Friday, June 24, 2011

The Importance of Spaces

With the weather much nicer in Spring I've been walking and listening a whole lot more often. At the behest of Ms. Julie Hoverson, I've been working on going through the back catalog of 19 Nocturne Blvd of and on for over a year now, and I expect at some point to have an initial review of that company.
But one thing that I have noticed 19 Nocturne and many other shows are bad about, is silence or rather spaces.

I'm not speaking about the silence within a scene. Those are difficult judgments and often change the tempo and tone of an audio drama.
Instead I'm speaking about a very simple fix of placing 2-3 seconds of silence as a space before commercial breaks.
We've all watched a particular compelling television show or movie on the TV only to be jarred by an abrupt cut to a television commercial. This not only slaps the viewer in the face of "remember this is just a story" but it also makes it much more difficult to set one's attention back into the story when the promo is over.

Some companies, (19 Nocturne and Icebox Radio come to mind) provide promos in between the acts of their plays. What makes the difference as to how effective they are is how they work their transitions. Icebox, for example often drops in a simple notifier "Icebox Radio will be right back..." reminder to help set expectations. Other companies fade the scene to silence for a couple of seconds to allow a smoother transition. Either way is much more preferable than launching into a completely different topic without any transitory splices.
Remember, your job is to keep your listeners hooked, not sell them products. If your promos take time out of the impact of your play by being just as brassy, you'll probably lose listeners as a result.
Use silence, and more importantly, spaces to your advantage. Leave a good two-three second silence between acts and a three to four second silence at the end of a particularly poignant show. Give listeners time to process your amazing works!

Thursday, June 23, 2011

The Best of All Awards

This reviewer's "Bleeding Ear" Award for the worst Audio Drama of the Year has certainly brought a lot of mixed reviews itself. While I have, unfortunately, another winner this year for the BEA, I'm most excited to proclaim, that a previous winner Lightning Bolt Theater of the Mind, is no longer even a contender.
When I heard this gem coming up on the Sonic Society's stealthily marketed 250th Episode, I admit to being more than a little reticent. Even after the Review on Radio Drama Revival by the mysterious Captain Radio, I wasn't sure what I was in for.
What I discovered was a fantastic tale in The Swamp! This feature is 44 minutes (just the right length in my opinion for an "hour long" episode) and displays a mature Director's hand. Tanja Milojevic has almost instantly with this one feature moved from being talented actress to a triple threat that would make any production earn a gold star for working with her. Ms. Milojevic's instincts in horror and the youth come together in this well crafted tale. The writing moves the plot at a perfect pace and provides just enough characters to tell the story without losing the audience. Ms. Milojevic's use of theme and mythic allusion is startlingly rich and the ending resounds leaving the listener impacted and thoughtful well beyond the credits.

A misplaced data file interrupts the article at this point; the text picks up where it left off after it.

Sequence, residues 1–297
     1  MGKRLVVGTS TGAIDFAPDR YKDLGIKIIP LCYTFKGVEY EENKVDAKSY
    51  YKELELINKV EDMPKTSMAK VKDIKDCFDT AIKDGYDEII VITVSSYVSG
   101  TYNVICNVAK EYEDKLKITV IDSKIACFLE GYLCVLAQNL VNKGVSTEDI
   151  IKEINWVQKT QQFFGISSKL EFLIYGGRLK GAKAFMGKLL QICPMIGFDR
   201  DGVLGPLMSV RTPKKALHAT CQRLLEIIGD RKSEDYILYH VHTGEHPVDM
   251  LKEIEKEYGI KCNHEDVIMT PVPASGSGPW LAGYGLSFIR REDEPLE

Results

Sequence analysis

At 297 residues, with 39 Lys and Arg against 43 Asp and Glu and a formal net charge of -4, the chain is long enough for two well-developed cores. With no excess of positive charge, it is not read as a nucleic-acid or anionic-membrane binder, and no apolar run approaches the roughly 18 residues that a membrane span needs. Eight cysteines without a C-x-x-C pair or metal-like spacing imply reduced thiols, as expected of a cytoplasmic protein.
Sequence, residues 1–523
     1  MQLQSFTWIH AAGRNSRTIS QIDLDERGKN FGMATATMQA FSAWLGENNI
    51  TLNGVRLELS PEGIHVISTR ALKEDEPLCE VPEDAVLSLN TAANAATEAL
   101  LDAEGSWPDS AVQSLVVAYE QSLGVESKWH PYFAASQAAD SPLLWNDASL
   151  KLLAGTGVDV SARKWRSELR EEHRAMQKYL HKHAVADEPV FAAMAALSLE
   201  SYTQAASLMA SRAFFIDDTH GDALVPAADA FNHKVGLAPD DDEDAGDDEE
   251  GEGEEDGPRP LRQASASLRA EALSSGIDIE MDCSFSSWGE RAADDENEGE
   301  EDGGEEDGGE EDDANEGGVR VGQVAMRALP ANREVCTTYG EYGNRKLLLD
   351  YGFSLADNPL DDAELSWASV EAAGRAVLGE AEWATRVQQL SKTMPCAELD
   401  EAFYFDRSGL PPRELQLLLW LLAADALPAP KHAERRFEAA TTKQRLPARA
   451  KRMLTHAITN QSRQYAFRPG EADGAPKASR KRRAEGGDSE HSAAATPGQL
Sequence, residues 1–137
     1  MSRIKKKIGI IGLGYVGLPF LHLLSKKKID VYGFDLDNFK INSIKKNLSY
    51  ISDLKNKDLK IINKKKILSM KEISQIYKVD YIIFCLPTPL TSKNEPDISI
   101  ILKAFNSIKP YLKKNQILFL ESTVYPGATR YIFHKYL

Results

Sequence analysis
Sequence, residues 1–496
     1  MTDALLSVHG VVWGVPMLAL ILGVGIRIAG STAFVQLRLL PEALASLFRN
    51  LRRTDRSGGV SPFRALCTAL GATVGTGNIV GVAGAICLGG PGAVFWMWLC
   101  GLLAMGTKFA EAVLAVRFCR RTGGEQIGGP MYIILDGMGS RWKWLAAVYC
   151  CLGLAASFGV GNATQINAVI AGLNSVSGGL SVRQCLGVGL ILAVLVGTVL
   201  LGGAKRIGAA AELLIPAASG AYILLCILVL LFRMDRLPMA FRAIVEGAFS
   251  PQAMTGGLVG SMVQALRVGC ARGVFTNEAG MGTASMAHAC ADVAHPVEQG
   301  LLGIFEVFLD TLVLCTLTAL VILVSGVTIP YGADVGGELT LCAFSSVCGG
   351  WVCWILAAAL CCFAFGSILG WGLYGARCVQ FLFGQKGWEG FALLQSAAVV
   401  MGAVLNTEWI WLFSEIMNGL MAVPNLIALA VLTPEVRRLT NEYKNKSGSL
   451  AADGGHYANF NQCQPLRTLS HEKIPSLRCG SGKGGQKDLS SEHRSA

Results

Ms. Milojevic's acting is perhaps the most natural in modern audio amateur acting today. Her scream is terrifyingly real. Her voice is magnetic (She could read the phone book and entrance you) and her instincts to move through differing emotions are effortless. Ms. Milojevic doesn't perform the role of Rachel- she inhabits the character. A real treat!
The rest of the cast are equally good and varied. Richard plays a believable young attractive man and the demon switching emotional cues smoothly. Cary Ayers is a perfect choice for both the detective and Rachel's uncle and provides a counterpoint of maturity in the cast of voices but everyone comes across at just the right tempo to bring this horror to a boil.
The production is measured and even as well, and the music comes across as an inspired choice of mostly ambient tunes to provide deeply moody contrasts.

I went to the Lightning Bolt website and found it vastly improved and revamped. So much so that I didn't recognize it from it's earlier incarnations.
The transformation of Lightning Bolt Theater of the Mind is breathtaking. If this episode is any example of their new sound, move over everyone LBT is quickly rising to the heights of best new modern audio company out there.
My personal congratulations to Ms. Tanja Milojevic and all who are involved. This Most Improved Award belongs to you!

Wednesday, June 22, 2011

Too Clever By Half

Too Clever By Half is the term we use when we speak about someone using their intelligence as a weapon.
It's especially hard to manage in a story and painful to listen in an Audio Drama.
Too many writers- who are for all intents and purposes very intelligent beings- wield their intelligence like a sledge hammer when they should be dicing small vegetables of wisdom with a paring knife.

I'm pointing this out today because in the last month of listening to audio drama I find that there's been several audio shows that have overworked their cleverness. Here is a brief list of how smarts can get you smarting.
A. Language- Inappropriate use of four dollar words.
Some writers write very complex and ultimately deleterious dialog for their characters that comes across unrealistic and counter to the character's personality and background. I'm not suggesting a writer lowers their writing abilities. Rather I would recommend that writers spend some time in coffee shops listening to how people speak, and vary those styles based upon the elements they create for their characters.
B. Plots- Overwriting a plot can hurt you in two different ways- losing your plot in the mud and over-explaining your reveals.
The mud soaked plot sees the characters track so much in the story that everything sticks to them. There are a thousand unanswered riddles, side plots, and tangents that the writer has included to try to keep the listeners guessing. This only confuses them completely to the point of giving up.